The prophet Balaam can now see that the angel of the Lord has been blocking his path. That is why his donkey has stopped three times on the road. Realizing he's been shutting the Lord out and closing his eyes and ears to Him, Balaam bows before Him on his knees.
"The angel of the Lord asked him, 'Why have you beaten your donkey these three times?'" (Numbers 22:32a) Balaam, in his greedy desire to get to Moab quickly to receive handsome payment for his services to the king, lost his temper and beat his donkey with his staff each time the donkey refused to move forward. The Lord is displeased with cruel treatment of animals. As we said earlier in the week, the Bible makes the pronouncement that, "The righteous care for the needs of their animals." (Proverbs 12:10a) Balaam acted like an unrighteous man when he struck his donkey for stopping in the roadway. A person who belongs to the Lord ought to care about all the creatures that He made.
The Lord points out that the donkey had more spiritual discernment than Balaam. The Lord called Balaam to be a prophet but he allowed himself to be blinded by greed. He didn't see the angel in his path. The prophet is supposed to seek and share the word of God, but it took God giving an animal the ability to speak in order to open the prophet's ears. "I have come here to oppose you because your path is a reckless one before Me. The donkey saw Me and turned away from Me these three times. If it had not turned away, I would certainly have killed you by now, but I would have spared it." (Numbers 22:32b-33) This person standing in the road, with a drawn sword in His hand, is referred to as "the angel of the Lord". It's clear He speaks of Himself as if He is the Lord and I believe that's because this is one of the Old Testament appearances of the pre-incarnate Christ.
In the Bible we find a number of angel visitations and sometimes these beings are called "an angel of the Lord" and other times "the angel of the Lord". Many Bible scholars, Christian authors, and Christian commentators feel very strongly that the person speaking with Balaam is the pre-incarnate Christ. Whenever the Old Testament records an appearance of the one known as "the angel of the Lord", we can be pretty sure we are reading about what is called a "Christophany". The person is having an encounter with Christ in a time period prior to the incarnation. I'm going to briefly discuss three important clues which indicate that a Christophany is occurring in the Old Testament. First, whenever "the angel of the Lord" shows up, He will speak with the authority of God. He will not speak in the manner of a created angel who relates a message from God; He will speak the word as though it originates from Him or from His Father. Second, He will appear in human form, just as He does in our passage today when we find Him standing in the road holding a sword in His hand. And, lastly but perhaps most importantly, He will accept worship. The angels who serve the Lord don't accept worship but will direct worship toward God alone (see Revelation 22 for examples of this) and the Bible strictly forbids the worship of angels (see Matthew 4:9-10 and Luke 4:7-8 in which the fallen angel Satan asks Jesus to worship him and Jesus replies that no one but God must be worshiped, also see Romans 1:25 and Colossians 2:18 in which the Apostle Paul states it's a sin to worship angels).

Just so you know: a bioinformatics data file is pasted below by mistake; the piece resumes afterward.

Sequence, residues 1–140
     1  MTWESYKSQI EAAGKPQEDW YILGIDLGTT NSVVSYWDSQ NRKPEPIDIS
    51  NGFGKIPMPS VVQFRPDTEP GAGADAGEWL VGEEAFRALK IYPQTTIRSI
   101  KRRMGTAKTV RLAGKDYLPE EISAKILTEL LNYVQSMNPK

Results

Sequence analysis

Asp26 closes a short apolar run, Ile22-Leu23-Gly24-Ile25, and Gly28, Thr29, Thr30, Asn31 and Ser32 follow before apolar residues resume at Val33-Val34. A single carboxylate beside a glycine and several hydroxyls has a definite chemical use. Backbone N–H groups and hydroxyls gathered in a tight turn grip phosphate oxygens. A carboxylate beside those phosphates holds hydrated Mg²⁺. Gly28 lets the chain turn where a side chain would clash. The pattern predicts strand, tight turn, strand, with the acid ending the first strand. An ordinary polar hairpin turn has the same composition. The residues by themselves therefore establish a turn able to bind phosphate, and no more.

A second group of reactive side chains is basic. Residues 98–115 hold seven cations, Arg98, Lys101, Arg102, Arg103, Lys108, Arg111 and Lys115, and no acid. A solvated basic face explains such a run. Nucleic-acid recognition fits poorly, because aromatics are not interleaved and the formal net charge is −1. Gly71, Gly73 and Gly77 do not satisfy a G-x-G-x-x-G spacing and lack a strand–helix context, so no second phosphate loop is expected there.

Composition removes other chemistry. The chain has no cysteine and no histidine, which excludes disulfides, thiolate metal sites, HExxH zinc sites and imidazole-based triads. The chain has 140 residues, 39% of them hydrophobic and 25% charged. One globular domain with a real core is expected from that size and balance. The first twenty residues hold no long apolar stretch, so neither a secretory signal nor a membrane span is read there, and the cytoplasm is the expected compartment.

In Numbers 22 the angel of the Lord speaks on His own authority. He appears in the form of a man. He accepts worship when Balaam bows on his knees before Him. I feel that our passage fits the requirements to be considered a Christophany. Balaam is bowing before the pre-incarnate Christ and now we find him confessing his sin to the pre-incarnate Christ. "Balaam said to the angel of the Lord, 'I have sinned. I did not realize You were standing in the road to oppose me. Now if You are displeased, I will go back.'" (Numbers 22:34) On the one hand it sounds as if Balaam has had a change of heart. On the other hand the phrasing of his confession sounds as if he's willing to turn around and go home not because he's sorry for his greed but because the Lord is blocking his path and may actually kill him if he keeps trying to go forward. Is Balaam sorry for his sin or not? I've never read a commentary or heard a message preached about Balaam in which the commentator or speaker feels he is truly repentant. They feel that his fear of the Lord is not the holy and reverent type of fear but the type of fear a person feels when his life is in danger. They could be right, for when the Apostle Peter spoke of people who were willing to sell out their faith and go against their principles for the right price, he compared them to the prophet Balaam whom he accused of leaving the right way and loving the wages of wickedness. (2 Peter 2:15)
The Lord is going to allow Balaam to go on to Moab and meet with King Balak. The Lord is going to show Balaam who is boss, and the boss isn't Balaam or Balak: it's the King of kings who is in control of this whole situation. Balaam will not be able to pronounce a curse upon Israel---the job he's being hired to perform. Balak will not get what he wants. He's used to obtaining whatever he wants once a price has been agreed upon, but it won't work this time. These two men will soon see just who they are dealing with, so the Lord tells Balaam to continue forward, but he will not be able to speak a word that the Lord has not put in his mouth. "The angel of the Lord said to Balaam, 'Go with the men, but speak only what I tell you.' So Balaam went with Balak's officials." (Numbers 22:35)